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“Fallen Leaves” out now

Fallen Leaves my latest poetry collection is out now in paperback. You can get it at Amazon. The ebook will follow shortly.

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Description

Rajapakse uses poetry to look at the conflict that raged in the tiny island nation of Sri Lanka for close to three decades. People from all walks of life, ethnic, religious and age groups suffered. The Tamil terrorists disrupted life and property all over the country for three decades, while for a few years in the late 1980s a Marxist guerilla group caused chaos. The JVP was wiped out in a few years. The Tamil terrorists however took much longer.

These poems are a reflection of the time. They take on voices of people from across the divide and speak of the incredible loss the people all suffered.

They are dark yet thought provoking. They speak of a moment in history when people lived amidst a sense of helplessness and fear of terror.
It is dedicated to “all those we lost along the way.”
Blurb

She tried to recall the

day he walked out, the day she

last saw him and the exact moment

she heard his voice on the phone assuring her

all was well. And then

 

no more.

 

What happened? What went wrong?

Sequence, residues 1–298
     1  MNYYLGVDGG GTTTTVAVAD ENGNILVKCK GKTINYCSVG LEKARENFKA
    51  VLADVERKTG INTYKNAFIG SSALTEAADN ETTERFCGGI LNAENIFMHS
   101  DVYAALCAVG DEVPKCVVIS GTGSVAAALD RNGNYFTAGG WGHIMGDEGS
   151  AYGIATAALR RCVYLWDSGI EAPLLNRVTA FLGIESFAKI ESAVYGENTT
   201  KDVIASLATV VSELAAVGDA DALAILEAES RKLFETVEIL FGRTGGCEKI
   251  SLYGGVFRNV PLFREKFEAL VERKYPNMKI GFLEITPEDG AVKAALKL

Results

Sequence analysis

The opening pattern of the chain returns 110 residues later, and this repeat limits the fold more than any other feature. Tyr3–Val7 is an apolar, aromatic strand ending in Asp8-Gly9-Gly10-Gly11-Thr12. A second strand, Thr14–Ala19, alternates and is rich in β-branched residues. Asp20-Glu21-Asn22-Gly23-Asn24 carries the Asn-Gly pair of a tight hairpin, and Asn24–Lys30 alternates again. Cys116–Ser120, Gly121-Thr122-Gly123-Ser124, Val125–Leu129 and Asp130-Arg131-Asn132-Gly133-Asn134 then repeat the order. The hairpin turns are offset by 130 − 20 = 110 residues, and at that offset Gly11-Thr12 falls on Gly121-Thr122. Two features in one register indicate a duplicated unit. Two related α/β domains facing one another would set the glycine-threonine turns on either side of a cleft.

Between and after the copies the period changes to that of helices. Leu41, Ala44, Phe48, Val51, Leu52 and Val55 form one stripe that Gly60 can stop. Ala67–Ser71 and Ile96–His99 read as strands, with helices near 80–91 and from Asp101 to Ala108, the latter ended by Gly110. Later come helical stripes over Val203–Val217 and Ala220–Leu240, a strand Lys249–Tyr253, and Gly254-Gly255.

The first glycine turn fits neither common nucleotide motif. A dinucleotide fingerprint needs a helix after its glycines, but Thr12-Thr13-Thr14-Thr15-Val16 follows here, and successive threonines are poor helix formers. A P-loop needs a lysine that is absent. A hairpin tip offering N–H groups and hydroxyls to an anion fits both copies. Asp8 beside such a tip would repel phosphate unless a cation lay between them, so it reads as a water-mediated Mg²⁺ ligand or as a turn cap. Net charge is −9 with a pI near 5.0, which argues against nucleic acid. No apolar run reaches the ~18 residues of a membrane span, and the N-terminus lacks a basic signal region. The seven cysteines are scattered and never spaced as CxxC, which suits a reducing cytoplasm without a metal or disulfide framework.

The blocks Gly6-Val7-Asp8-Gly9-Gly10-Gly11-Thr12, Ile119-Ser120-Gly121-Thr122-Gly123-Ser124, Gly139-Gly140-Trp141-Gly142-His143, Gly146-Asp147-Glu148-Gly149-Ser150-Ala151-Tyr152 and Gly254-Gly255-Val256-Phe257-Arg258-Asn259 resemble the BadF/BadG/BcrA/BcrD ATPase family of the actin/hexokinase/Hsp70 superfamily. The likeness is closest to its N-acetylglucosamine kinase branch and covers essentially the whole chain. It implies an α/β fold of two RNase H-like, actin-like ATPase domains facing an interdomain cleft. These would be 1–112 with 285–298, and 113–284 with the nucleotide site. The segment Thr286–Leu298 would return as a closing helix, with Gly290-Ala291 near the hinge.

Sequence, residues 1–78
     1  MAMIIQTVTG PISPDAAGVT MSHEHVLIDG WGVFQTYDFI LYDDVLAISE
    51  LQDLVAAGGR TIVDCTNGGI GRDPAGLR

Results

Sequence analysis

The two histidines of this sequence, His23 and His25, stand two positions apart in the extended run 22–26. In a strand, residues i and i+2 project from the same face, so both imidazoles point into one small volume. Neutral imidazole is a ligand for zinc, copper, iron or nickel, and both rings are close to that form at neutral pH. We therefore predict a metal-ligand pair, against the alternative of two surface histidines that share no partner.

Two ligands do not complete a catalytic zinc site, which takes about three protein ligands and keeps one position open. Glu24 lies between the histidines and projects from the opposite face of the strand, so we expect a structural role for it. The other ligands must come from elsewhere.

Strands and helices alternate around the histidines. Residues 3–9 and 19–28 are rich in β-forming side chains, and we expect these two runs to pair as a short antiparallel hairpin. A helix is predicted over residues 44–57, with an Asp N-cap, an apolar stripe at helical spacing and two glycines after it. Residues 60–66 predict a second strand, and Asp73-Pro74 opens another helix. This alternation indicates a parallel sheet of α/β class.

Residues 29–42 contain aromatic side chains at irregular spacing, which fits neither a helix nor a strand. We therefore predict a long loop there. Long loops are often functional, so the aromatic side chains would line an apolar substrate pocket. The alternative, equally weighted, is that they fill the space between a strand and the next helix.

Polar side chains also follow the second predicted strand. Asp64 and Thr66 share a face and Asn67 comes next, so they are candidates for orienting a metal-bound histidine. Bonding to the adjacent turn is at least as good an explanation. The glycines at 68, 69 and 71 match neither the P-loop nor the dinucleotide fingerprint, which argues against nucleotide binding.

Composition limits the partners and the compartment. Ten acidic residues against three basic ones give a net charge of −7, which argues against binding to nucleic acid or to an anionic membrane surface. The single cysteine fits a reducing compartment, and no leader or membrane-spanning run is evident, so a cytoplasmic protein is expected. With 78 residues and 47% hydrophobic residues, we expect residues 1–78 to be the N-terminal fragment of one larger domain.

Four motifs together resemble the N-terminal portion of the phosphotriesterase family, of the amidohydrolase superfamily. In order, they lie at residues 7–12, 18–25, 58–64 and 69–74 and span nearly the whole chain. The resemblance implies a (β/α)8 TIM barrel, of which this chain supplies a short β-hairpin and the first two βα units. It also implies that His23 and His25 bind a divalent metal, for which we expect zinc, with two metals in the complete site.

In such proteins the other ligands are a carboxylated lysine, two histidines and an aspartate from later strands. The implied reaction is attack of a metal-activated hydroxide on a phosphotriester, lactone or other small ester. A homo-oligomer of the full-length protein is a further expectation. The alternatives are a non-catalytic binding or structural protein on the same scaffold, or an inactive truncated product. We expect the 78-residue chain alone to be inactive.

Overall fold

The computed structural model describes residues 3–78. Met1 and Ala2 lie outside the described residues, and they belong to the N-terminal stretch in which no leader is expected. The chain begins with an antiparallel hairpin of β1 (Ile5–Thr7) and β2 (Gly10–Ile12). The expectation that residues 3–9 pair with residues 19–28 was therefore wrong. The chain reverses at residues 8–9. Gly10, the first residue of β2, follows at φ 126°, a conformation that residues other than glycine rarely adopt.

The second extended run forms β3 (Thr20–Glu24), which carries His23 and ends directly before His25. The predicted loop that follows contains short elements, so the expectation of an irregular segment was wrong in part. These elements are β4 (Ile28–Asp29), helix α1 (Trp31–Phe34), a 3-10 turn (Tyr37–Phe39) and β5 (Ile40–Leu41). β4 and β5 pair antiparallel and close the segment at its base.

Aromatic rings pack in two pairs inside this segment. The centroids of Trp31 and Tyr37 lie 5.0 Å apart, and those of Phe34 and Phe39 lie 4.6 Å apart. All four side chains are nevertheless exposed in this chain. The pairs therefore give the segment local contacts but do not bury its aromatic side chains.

She would never know. There was no

one left to respond, and those that were there

didn’t dare speak up as the reasons for

what took place didn’t make sense

so they kept quiet and hoped in time

she would understand.

 

Introduction

For close to thirty years the tiny island nation of Sri Lanka was embroiled in conflict.

In the early 1980s the Tamil terrorists – the LTTE – took to war to demand a separate homeland in the north of the country, despite a considerable number of Tamils living in the south. They began intensifying their demands by causing damage in all parts of the country. LTTE women suicide bombers blew themselves up in crowded public places in the mainly Sinhala dominated south, while explosive packed trucks rammed into building destroying lives and infrastructure.  As a response to and protest against the LTTE, the Marxist JVP guerillas created unrest in the south. People who didn’t listen to the JVPs diktats were kidnapped or killed. Those suspected of being JVP members were hauled off by the armed forces and taken in for questioning. No one was safe. Everyday brought fresh news of death or disappearance while bodies burnt on the sides of roads.

The government responded by hounding the JVP and ending their reign of terror within a few years. But not before thousands of young men and women were sacrificed. The LTTE, however, could not be eliminated so easily. They continued to wage war for close to three decades. Attacks on civilians took place so regularly that violence became more common than peace.